teacher-family relationships and extra contacts

Edited: February 26, 2018, 1:43 PM · From the other discussion:

"more wealthy families tend to take the teacher's time for granted, whether it's with the lesson location or inane unscheduled 15-minute phone calls about the specifics of what their child wants/needs. "

I am asking as a parent: do you think it is inapprppriate to call to the teacher? Do you have any personal relationships with your students/parents?

I actually do calls/emails to my son's teachers if i have any concern. Not only violin, but to the school as well. I never thougt it can be a bad habbit, and i never felt that i am doing something wrong.

Replies (12)

February 26, 2018, 1:38 PM · Teachers care about their students, so what you're doing is perfectly fine if it's directly related to what the teacher's teaching.
Edited: February 26, 2018, 6:04 PM · I think a teacher should expect a certain amount of time to be spent corresponding with the client, to answer questions, address small issues. If something major comes up, like you want to spend half an hour discussing a solo recital for your child, then I think you should be buying that time, but again as long as you're not abusive, most teachers will give you even this.

When you start taking your teacher's time for granted is when you show up 20 minutes late for your child's lesson and still expect the same hour even though it pushes back the whole schedule, or when you're constantly calling to ask questions because you were on your phone during the lesson so you weren't paying attention. That kind of thing. I've seen that kind of stuff going on.

February 26, 2018, 3:27 PM · I usually chat with parents after the lesson, and I will talk or email. I don't like parents who cancel all the time. We make a bit of progress, then I don't see the kid for a couple of weeks and they backslide. Then they do poorly on auditions and make no progress, which reflects poorly on me as a teacher. I will drop students for missing too much. Lateness is also annoying. But I never mind talking with a parent about how to make their kid a better musician.
February 26, 2018, 5:18 PM · If a parent has a violin-related concern about their child, it's helpful to me if they share it. I prefer texts or emails over phone calls but the information is good either way.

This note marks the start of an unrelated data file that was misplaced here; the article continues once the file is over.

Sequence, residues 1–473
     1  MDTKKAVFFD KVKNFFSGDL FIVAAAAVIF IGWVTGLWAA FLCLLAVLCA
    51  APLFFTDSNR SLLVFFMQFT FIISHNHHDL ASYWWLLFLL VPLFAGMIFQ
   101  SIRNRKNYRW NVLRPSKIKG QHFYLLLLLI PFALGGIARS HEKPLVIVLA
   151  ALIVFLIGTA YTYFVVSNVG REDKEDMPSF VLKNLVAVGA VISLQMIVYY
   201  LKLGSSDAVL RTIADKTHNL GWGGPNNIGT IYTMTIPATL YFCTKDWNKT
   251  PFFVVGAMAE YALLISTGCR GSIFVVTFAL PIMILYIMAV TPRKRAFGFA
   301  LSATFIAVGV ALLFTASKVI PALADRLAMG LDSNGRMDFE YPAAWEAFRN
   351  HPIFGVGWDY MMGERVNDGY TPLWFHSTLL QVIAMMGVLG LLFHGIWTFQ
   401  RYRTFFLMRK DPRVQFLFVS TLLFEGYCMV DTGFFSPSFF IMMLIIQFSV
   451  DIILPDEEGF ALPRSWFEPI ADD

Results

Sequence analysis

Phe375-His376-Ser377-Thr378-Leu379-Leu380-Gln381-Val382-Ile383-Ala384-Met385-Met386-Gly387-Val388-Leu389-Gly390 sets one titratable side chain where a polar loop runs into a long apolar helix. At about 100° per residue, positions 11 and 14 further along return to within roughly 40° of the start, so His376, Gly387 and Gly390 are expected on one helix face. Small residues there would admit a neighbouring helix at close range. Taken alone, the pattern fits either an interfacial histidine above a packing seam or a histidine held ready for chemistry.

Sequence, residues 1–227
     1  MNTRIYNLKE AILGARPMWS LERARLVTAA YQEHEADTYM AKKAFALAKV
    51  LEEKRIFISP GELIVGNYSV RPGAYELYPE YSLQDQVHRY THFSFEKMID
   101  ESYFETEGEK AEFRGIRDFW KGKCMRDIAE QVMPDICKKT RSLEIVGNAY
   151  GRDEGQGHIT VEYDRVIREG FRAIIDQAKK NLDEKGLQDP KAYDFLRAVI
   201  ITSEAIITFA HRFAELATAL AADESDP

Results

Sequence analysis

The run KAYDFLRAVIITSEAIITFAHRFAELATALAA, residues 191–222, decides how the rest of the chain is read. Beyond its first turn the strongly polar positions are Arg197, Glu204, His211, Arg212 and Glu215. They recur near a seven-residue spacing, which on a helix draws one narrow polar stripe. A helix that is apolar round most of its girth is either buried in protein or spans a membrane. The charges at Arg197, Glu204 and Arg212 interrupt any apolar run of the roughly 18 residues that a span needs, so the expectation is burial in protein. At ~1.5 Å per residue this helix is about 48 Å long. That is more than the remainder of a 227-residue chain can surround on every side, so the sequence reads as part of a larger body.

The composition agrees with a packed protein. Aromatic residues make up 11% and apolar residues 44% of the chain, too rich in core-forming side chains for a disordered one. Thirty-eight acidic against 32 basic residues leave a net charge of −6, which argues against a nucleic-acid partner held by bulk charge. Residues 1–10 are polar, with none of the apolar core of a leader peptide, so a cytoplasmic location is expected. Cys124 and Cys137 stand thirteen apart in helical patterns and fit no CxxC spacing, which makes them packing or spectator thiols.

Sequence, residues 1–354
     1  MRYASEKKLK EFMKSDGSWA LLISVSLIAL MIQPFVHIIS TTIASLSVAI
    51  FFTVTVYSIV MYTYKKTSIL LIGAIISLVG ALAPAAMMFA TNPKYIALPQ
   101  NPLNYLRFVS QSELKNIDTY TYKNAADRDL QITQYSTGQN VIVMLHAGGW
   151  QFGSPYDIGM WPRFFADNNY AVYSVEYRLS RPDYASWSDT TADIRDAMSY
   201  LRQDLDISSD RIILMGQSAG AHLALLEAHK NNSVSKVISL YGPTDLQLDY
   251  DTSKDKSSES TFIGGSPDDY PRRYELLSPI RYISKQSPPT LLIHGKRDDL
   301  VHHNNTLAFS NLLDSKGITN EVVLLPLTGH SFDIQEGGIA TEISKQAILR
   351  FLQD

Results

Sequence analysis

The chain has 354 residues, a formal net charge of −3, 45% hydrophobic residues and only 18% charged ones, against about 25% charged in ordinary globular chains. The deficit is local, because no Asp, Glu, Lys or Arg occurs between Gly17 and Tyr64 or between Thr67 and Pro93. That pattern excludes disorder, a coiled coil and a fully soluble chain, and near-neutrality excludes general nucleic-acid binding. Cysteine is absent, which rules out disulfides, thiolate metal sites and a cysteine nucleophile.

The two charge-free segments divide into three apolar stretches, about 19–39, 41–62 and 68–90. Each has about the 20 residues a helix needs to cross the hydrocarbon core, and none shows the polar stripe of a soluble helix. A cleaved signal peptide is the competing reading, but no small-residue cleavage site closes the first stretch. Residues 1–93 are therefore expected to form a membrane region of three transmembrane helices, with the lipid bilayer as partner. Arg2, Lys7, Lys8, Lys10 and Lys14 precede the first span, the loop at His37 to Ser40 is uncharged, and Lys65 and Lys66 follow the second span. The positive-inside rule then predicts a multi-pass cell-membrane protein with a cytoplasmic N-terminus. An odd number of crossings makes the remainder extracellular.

K Ch, you're fine.

February 26, 2018, 8:19 PM · I also prefer texts or emails, but I am happy to talk to a parent about their child's progress etc. What I don't like is when parents try to ask me questions after their child's lesson is over when I clearly have my next student there ready to start their lesson. I've also had parents send texts at unreasonable times (between 11pm and 7am and on major holidays (Thanksgiving)). (e-mails are ok anytime, but texts and calls should be reserved for hours when most people are awake).
You sound like you are just fine.
February 26, 2018, 8:25 PM · emails can be easier for me because of busy teaching and rehearsal schedules, but I will eventually get back to a phone call too. Yes, there should be close contact and communication between the teacher and parent, if needed.
Edited: February 26, 2018, 8:45 PM · I vastly prefer electronic communication, but if you have to cancel or need an urgent answer it is okay to call.

I don't mind chatting with the parents for a few minutes after or before a lesson as long as I don't have someone else waiting, and I do always answer emails with as much detail as possible. I consider answering extended questions to be part of what they are paying for. The only reason I prefer emails is because there is less pressure to answer immediately - if you are on the phone with me I feel obligated to drop what I am doing to assist you and I don't enjoy that feeling.

You are not doing anything wrong by doing that. Different teachers will prefer different things but none of them should be extremely against it. I think it becomes a problem when you start hogging time. My understanding of the context from the quoted statement was more along the lines of them demanding more than their fair share of your time for their child because they're more special than your other students (in the parents estimation) and not directed at parents who have questions or care about progress in general.


I've seen that before. My rule is hard and fast: Your lesson starts at the assigned time if you are here or not. There are very few exceptions I make to this. It makes me sound like an asshole but it is my time too. Things like emergencies or unexpected situations are one thing, but consistently being late is not acceptable and the time isn't coming out of my pocket, it's coming out of yours.

I guess it's my privileged for not earning the living portion of my income from teaching, instead doing it for extra cash and because I love it.